A variety of scientific packages, such as NumPy or SciPy, comes integrated in Spyder. If that’s not enough, you can choose from a wide range of add-ons and get even more functionalities – e.g., unit testing framework integration or improved memory management. However, keep in mind that even the best Python IDE will fall short on performance if you overload it with a gazillion of plugins.
Wing: something for everyone
First released for Linux in 2000, the Wing IDE now has three versions: Wing Pro, Wing Personal and Wing 101. Whichever you choose, you will be able to use the Python IDE on Windows, macOS, and Linux. Wing Pro is a commercial product meant for professional use. After the free thirty-day trial ends, a licence for one user costs either a yearly tribute of $179 or a one single payment of $245 (upgrades not included).
Wing Personal and Wing 101 are both free Python IDEs. As a result, they have much more limited functionalities. Wing 101 is the most basic version, meant to be used by coding beginners. It provides you with the most necessary tools: a simple code editor, a basic debugger and a search feature. The students and hobbyists that use Wing Personal get additional editor features (e.g., code folding and multiple selections), as well as some project management tools.
With the Pro version, the big guns step in. A licenced user can use supported frameworks, perform unit testing and refactoring. You also get integrated version control systems, including but not limited to Git, CVS, and Bazaar. As the source code is made available to you as well, you are free to extend it using Python scripts. Wing Pro can also be considered the best IDE for Python code debugging, as it allows remote and multi-threaded debugging processes.
Using PyDev with Eclipse
When looking for the best Python IDE, you should also have a look at PyDev – yet, it’s not really an IDE on its own. Confused? Let us explain.
In 2001, a team in IBM released the Eclipse IDE, which is currently on version 4.13. Its main advantage is extensibility. Using a powerful plug-in system, you can create a truly impressive custom IDE for your projects. Some plug-ins provide the Eclipse IDE with additional language support. One of those, as you might have already guessed, is PyDev. Having it installed lets you use Eclipse as a free Python IDE. Just like Spyder, PyDev accepts voluntary donations on the Patreon platform.
The most recent version is PyDev7.4, which supports not only Python 3.8, but also Jython and IronPython. You can modify, execute and debug your code in an interactive console. As with most Python development environments, you get an editor with syntax highlighting, code folding, smart indentations, content assistants, code completion tools, and so on. The debugger sports multiple threads, simple and conditional breakpoints, expression watch and variable display.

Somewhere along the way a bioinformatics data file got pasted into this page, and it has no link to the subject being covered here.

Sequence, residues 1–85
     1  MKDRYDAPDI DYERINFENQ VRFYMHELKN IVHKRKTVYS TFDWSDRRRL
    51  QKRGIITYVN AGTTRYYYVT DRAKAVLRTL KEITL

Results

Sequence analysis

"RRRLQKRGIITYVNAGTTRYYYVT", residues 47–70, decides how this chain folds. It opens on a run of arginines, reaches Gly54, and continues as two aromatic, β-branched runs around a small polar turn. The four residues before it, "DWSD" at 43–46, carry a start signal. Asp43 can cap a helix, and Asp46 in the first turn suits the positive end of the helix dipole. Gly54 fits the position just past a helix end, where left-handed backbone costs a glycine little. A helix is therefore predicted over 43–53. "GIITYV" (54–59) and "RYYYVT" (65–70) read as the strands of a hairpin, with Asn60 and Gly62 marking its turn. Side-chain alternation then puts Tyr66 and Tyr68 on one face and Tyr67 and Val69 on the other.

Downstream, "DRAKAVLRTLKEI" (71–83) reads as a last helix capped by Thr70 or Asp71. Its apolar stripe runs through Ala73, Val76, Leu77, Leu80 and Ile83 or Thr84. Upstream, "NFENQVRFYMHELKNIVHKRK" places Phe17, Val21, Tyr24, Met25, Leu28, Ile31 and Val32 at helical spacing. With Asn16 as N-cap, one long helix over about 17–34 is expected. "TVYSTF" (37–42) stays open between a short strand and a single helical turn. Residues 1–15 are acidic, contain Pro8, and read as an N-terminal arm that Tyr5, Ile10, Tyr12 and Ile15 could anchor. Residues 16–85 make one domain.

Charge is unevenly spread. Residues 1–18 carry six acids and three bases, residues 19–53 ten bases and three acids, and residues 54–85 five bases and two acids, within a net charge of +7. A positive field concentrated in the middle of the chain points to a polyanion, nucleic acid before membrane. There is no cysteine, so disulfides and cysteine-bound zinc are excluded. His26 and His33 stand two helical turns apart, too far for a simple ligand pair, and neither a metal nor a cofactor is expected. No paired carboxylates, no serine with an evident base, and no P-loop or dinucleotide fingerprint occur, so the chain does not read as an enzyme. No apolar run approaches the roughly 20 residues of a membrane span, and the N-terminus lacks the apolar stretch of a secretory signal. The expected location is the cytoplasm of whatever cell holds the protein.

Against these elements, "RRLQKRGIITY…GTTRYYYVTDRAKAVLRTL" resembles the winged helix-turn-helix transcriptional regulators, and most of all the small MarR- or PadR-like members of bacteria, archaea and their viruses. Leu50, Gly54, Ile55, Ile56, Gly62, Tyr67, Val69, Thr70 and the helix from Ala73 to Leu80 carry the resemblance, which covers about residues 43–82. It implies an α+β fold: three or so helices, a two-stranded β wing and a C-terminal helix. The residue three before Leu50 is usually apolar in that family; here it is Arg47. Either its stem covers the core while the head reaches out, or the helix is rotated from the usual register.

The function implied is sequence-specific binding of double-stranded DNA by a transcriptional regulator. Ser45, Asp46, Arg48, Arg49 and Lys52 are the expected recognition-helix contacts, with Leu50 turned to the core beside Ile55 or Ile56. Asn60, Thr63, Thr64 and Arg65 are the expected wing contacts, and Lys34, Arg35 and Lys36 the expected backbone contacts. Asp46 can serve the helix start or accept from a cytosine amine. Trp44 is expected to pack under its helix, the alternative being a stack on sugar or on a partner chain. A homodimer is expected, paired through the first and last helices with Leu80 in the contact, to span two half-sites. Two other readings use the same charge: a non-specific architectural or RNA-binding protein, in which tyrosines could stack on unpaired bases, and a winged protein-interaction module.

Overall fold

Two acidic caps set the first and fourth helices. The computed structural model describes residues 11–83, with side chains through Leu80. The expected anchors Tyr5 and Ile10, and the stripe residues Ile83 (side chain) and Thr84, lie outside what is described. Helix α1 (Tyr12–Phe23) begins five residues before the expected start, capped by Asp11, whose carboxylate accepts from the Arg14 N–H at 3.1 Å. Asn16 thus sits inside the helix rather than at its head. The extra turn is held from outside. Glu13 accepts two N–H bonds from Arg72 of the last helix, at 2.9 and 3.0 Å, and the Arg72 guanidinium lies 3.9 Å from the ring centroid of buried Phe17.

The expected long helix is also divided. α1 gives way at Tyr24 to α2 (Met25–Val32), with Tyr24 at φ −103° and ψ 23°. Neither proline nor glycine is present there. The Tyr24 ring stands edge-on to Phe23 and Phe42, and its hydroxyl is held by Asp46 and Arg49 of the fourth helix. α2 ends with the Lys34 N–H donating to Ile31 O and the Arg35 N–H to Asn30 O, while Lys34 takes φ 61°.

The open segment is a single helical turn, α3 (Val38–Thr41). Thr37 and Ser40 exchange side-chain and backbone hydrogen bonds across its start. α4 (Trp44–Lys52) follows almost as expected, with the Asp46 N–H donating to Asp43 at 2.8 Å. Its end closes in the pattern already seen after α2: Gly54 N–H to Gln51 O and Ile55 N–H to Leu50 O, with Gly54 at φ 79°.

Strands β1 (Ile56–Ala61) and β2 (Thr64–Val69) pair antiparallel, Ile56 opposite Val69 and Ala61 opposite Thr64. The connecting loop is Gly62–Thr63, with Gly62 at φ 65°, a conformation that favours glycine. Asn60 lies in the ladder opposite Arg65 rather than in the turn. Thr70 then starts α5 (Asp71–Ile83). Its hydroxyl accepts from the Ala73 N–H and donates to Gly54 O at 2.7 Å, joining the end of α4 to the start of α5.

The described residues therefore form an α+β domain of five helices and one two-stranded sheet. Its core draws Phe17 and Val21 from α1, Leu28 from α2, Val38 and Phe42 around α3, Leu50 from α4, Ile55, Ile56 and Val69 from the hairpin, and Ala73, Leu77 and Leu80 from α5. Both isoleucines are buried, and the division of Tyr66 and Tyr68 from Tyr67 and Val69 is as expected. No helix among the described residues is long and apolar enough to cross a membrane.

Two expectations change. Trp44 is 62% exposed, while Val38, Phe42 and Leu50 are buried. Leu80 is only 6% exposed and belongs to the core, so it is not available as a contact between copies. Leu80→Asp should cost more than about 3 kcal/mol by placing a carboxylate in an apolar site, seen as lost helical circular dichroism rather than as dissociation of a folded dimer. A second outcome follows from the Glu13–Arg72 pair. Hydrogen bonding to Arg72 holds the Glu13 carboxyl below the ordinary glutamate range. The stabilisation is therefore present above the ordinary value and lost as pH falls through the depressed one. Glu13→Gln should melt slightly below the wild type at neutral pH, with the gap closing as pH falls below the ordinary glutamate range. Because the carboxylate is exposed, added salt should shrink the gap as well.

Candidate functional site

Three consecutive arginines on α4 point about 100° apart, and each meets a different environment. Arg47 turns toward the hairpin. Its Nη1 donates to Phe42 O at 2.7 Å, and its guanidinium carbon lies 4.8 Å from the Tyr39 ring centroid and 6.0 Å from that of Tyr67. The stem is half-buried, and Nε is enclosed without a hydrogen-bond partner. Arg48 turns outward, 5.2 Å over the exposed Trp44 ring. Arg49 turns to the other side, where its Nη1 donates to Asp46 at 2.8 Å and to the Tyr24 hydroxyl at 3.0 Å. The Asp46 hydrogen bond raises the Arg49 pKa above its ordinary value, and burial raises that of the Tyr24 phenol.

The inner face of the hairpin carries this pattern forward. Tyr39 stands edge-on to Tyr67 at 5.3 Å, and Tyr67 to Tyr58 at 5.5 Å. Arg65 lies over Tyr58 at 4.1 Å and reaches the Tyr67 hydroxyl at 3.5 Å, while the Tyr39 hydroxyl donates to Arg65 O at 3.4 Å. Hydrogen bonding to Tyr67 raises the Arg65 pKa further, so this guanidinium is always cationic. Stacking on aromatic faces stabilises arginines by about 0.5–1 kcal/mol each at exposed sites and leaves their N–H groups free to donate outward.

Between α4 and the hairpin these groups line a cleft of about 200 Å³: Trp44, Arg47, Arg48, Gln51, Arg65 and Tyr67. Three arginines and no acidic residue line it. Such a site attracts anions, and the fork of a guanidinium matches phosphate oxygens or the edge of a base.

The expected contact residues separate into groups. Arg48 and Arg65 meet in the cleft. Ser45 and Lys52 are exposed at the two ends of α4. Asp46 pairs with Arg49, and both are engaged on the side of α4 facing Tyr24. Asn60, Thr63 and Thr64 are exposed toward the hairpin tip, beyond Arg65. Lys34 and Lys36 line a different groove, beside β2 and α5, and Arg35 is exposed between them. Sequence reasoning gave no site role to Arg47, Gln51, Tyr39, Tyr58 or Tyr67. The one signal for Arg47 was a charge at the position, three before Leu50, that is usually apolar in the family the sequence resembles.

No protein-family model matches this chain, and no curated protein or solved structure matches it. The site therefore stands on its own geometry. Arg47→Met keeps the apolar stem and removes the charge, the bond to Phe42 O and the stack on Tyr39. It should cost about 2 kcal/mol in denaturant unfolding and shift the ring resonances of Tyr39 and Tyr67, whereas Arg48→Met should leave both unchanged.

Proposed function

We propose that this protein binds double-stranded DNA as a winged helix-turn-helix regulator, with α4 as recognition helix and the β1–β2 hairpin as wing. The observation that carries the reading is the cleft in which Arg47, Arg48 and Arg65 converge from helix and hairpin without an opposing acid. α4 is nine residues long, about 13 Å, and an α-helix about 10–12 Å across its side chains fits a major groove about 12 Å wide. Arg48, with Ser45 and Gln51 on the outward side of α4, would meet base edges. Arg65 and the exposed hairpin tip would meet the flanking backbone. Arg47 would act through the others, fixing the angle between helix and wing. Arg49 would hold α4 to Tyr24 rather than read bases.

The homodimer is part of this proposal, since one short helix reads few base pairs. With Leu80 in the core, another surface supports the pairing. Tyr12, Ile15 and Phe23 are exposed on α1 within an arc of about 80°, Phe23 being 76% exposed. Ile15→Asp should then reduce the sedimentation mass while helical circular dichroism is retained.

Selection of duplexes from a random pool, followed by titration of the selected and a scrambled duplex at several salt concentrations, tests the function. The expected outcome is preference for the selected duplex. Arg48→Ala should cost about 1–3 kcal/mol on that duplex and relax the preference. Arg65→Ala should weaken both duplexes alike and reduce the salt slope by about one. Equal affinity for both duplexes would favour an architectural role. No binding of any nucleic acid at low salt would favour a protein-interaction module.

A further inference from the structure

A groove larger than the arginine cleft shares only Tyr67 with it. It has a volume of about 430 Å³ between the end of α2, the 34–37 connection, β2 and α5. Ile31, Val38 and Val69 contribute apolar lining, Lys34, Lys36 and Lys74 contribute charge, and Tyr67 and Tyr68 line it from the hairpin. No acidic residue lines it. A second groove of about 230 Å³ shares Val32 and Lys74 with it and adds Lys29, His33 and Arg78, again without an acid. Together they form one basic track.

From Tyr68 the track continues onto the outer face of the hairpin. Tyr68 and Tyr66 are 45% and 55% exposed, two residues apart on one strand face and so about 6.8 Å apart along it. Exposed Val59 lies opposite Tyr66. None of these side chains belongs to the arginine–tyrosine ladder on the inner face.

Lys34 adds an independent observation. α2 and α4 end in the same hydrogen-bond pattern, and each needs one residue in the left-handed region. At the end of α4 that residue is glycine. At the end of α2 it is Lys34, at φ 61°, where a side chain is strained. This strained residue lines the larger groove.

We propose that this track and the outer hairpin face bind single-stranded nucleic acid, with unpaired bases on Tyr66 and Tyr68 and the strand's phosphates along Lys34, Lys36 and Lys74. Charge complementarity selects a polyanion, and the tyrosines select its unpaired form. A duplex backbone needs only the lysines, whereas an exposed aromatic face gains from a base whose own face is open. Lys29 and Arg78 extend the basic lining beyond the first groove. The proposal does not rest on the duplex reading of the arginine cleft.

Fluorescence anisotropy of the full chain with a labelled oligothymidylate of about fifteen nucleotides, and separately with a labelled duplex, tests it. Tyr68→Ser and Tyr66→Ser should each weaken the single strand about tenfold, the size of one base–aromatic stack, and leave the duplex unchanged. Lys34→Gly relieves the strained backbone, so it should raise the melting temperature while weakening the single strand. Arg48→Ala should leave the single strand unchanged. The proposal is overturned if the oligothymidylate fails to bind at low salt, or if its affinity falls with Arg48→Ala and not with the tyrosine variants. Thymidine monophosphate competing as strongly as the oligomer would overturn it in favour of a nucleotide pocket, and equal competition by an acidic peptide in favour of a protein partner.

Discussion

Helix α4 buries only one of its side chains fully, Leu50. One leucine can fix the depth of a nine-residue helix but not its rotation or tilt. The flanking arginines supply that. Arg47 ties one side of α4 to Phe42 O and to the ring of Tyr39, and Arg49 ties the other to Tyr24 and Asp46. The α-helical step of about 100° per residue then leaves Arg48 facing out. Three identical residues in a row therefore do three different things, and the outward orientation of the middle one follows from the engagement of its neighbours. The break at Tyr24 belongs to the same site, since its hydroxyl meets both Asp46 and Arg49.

However, PyDev does fall short on documentation: it’s rather hard to find what you need. The FAQ has no categories whatsoever, you’re referred to StackOverflow for any general questions, and on one occasion they literally tell you to ‘search the net for what you want’. Considering the cumbersome installation process, this is a rather serious disadvantage.
The best Python IDE: did we find it?
The list of contenders to take the crown of the best Python IDE is rather long. We couldn’t possibly fit them all in one guide. However, we tried our best to introduce you to the most widely-used options for both paid and free Python IDEs.
Choosing a personal best IDE for Python truly depends on your needs and expectations. If you don’t mind paying to get truly professional software, take a closer look at PyCharm and Wing Pro. PyDev has its pros and cons. And yet, it might be worth a try if you’re already familiar with the Eclipse IDE and its peculiarities. As for the science geeks, your choice is probably the easiest: get Spyder and dive head first into your breathtaking projects.
If you’re a beginner, IDLE or Wing 101 might be a great first step. The software is lightweight, plus, they will not scare you off by being too complex. And if you have any doubts about your knowledge in Python, don’t hesitate to strengthen it with BitDegree’s online courses – just like Wing, we have something for everyone’s taste!